Shoprite reports 3.8% drop in annual earnings attributed to inflations

SOUTH AFRICA – Leading supermarket chain and Africa’s largest grocer Shoprite has reported a 3.8% decline in annual earnings for the year ended June 30 showing a dwindling performance in its South African home market and the continent.

Reuters reported that the company’s drop in diluted headline earnings per share to 968.7c was mainly attributed to low food inflation in South Africa, which restricted the group’s ability to pass on non-food cost increases, and a 50% drop in the Angolan currency.

Following the announcement, Shoprite share price fell 8.11% to US$13.50, its lowest level since July 12 2017 indicating unexpected drop in earnings.

Africa on the low

Sales from non-South Africa operations declined 7% while its local division reported turnover growth of 5.7% with sales rising 3.1% to US$9.9bn.

“Non-RSA (Republic of South Africa) is still profitable, it’s not a crisis,” said Pieter Engelbrecht, the CEO Shoprite.

“It (the process) is still under arbitration and we should have an answer at the end of the calendar year.”

He added that Shoprite however remains committed to Africa as shown by its recent bid for 11 franchise stores in Botswana.

While the rest of Africa operations contribute 18% to group sales, the segment underperformed given that Angola lost more than half its value against the U.S. dollar since December 2017.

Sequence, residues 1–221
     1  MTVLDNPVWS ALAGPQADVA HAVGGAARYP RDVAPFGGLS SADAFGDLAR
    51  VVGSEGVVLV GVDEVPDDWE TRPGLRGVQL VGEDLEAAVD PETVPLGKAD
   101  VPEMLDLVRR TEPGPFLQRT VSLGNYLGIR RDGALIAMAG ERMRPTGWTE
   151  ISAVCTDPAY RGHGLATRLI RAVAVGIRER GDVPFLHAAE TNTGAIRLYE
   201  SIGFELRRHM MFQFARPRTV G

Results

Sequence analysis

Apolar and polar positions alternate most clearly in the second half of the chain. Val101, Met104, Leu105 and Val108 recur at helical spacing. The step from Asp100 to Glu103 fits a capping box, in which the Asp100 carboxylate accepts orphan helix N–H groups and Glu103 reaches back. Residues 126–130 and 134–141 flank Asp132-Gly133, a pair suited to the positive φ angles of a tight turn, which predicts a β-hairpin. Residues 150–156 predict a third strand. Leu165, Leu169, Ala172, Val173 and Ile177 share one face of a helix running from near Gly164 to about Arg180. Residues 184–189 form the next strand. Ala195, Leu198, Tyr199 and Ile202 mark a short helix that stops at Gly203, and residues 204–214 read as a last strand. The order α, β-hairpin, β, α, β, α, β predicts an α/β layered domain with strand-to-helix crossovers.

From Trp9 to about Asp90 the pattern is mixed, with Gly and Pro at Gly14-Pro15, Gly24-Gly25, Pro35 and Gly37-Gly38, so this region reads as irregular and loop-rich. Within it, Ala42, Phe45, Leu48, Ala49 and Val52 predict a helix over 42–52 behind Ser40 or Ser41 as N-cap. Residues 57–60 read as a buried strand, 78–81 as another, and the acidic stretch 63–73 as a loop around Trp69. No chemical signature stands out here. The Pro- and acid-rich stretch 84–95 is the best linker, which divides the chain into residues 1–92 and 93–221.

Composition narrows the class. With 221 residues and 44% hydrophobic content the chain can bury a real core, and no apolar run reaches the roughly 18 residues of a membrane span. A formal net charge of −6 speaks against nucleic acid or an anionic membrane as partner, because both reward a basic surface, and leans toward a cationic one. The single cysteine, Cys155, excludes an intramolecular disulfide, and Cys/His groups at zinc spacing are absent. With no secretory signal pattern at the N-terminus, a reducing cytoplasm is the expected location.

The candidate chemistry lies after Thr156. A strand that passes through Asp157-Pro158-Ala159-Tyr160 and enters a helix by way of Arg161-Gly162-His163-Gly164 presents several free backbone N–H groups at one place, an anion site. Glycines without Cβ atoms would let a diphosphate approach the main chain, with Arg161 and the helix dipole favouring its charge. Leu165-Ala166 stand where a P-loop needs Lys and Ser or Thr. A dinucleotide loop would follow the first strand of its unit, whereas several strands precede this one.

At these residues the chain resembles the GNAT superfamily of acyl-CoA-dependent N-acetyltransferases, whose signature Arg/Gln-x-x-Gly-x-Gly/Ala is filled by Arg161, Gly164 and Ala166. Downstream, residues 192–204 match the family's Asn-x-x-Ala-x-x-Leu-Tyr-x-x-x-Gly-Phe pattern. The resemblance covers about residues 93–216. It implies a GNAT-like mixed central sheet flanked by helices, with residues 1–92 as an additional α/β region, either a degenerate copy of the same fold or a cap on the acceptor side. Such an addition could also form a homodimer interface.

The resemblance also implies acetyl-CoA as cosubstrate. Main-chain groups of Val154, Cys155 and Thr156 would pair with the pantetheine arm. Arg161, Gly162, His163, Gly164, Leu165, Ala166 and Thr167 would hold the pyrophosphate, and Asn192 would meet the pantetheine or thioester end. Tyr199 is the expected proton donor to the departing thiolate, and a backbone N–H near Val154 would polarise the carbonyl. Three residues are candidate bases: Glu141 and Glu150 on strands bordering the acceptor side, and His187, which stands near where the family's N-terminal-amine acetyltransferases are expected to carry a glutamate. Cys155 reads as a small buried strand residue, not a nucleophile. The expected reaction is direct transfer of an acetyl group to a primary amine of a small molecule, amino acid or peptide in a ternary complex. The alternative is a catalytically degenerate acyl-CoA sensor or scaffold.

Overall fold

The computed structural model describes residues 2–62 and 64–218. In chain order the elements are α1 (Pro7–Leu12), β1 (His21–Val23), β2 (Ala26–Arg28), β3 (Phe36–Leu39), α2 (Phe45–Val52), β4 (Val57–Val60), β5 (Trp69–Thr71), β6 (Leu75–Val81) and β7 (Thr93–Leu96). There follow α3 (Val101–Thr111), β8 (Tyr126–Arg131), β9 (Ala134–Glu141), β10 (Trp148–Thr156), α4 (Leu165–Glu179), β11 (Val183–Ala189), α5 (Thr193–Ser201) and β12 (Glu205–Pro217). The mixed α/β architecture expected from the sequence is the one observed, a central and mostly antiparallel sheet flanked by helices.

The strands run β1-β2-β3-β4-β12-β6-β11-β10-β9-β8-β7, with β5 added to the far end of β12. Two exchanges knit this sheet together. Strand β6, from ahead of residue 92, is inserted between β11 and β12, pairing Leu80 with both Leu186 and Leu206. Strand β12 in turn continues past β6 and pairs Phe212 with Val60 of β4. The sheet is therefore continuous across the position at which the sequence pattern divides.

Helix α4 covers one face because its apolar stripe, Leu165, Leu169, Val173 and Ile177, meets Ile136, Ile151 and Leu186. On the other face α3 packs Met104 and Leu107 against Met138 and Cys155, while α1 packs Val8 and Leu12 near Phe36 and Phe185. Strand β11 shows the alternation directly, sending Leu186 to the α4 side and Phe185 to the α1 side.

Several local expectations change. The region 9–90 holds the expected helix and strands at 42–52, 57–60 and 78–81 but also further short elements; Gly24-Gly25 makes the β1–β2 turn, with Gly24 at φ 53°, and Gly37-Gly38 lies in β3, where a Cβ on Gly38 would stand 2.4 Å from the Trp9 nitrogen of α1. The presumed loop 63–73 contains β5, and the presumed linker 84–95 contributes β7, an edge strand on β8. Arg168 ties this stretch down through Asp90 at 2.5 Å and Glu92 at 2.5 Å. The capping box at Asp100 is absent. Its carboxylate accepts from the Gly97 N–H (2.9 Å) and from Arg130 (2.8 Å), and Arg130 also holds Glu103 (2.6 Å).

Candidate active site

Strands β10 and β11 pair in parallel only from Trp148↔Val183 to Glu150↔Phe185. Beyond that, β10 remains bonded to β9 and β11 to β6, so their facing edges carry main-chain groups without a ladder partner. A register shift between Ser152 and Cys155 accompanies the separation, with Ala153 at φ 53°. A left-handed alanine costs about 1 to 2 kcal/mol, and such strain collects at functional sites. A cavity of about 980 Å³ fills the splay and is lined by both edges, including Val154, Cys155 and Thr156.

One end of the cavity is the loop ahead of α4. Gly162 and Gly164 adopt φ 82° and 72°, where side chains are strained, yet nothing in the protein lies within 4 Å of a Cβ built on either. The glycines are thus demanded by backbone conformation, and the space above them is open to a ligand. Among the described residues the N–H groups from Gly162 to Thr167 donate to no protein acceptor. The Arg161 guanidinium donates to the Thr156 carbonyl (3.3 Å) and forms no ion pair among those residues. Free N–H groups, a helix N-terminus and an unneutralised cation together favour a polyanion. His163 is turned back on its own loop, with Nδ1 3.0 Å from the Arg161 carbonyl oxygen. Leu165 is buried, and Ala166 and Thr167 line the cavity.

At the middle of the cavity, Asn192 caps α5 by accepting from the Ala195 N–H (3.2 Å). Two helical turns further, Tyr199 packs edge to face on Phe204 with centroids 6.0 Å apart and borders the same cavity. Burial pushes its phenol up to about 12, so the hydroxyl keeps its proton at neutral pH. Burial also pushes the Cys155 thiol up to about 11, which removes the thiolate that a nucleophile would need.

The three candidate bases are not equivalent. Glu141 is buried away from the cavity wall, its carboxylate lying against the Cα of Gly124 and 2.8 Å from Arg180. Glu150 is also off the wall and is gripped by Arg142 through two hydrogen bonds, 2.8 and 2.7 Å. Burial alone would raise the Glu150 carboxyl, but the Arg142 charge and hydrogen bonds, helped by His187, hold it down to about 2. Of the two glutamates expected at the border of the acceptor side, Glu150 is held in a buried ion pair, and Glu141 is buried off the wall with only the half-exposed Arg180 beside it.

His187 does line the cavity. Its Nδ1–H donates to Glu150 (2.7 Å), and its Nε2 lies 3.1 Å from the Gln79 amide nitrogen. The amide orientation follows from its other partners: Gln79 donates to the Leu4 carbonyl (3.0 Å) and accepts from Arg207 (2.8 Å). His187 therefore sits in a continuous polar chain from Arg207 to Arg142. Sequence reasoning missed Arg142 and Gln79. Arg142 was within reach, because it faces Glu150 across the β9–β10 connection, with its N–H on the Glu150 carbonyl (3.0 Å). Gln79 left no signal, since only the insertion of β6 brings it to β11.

The fall in Angola as a result of currency devaluation followed two years of 60% growth in earnings from the country that was once a key and biggest market out of South Africa.

Results were also impacted by the effects of low inflation, all factors contributed by armed robberies, record fuel prices, chronic unemployment, industrial action and the first VAT hike in 25 years in the country.

In Nigeria, operations were hampered by foreign exchange fluctuations that limited imports.

‘Toughest’ year to recall

According to the chief executive, the financial year under review was the toughest to recall despite extensive operations elsewhere on the continent.

While Angola and Nigeria were battling chronic foreign exchange shortages and tepid economic growth, retailers in South Africa were struggling to lift earnings as consumer income was squeezed by elevated household debts, higher fuel prices and an increase in value-added tax.

Also, South Africa was hit by what was the world’s worst listeria epidemic that saw Shoprite conduct its largest ever product recall over ‘tainted’ meat product.

Engelbrecht said two strikes over pay and 489 armed robberies at its stores sapped turnover growth.

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